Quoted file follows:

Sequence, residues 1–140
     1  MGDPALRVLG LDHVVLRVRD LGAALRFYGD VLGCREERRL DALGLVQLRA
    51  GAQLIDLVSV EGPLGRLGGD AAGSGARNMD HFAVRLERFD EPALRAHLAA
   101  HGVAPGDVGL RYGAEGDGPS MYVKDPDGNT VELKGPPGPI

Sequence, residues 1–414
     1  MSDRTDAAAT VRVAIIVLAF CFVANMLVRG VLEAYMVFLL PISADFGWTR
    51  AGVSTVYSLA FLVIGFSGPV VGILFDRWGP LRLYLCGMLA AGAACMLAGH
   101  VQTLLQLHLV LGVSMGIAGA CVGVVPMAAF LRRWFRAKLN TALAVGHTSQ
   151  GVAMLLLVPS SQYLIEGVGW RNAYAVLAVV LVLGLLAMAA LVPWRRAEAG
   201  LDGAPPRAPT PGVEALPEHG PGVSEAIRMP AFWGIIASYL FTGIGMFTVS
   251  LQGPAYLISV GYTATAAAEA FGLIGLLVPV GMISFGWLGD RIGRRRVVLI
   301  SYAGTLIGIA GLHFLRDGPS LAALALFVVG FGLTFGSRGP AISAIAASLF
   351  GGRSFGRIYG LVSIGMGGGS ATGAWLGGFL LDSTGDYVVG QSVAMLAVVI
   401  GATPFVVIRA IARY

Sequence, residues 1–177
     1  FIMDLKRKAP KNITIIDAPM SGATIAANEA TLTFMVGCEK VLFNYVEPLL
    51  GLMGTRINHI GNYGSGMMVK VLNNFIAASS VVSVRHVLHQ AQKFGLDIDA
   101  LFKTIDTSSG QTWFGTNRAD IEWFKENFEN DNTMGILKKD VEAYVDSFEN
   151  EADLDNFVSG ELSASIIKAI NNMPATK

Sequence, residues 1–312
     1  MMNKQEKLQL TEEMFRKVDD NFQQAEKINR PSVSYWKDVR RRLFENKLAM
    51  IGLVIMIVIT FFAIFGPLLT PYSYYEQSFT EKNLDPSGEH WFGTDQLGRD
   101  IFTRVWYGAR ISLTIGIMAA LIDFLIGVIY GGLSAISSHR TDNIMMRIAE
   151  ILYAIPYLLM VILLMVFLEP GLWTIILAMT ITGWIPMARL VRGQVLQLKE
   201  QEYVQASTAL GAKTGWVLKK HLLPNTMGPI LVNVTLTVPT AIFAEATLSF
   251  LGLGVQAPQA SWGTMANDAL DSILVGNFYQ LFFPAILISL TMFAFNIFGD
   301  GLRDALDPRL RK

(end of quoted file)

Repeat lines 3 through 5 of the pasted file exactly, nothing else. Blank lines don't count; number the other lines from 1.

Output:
    51  GAQLIDLVSV EGPLGRLGGD AAGSGARNMD HFAVRLERFD EPALRAHLAA
   101  HGVAPGDVGL RYGAEGDGPS MYVKDPDGNT VELKGPPGPI

Sequence, residues 1–414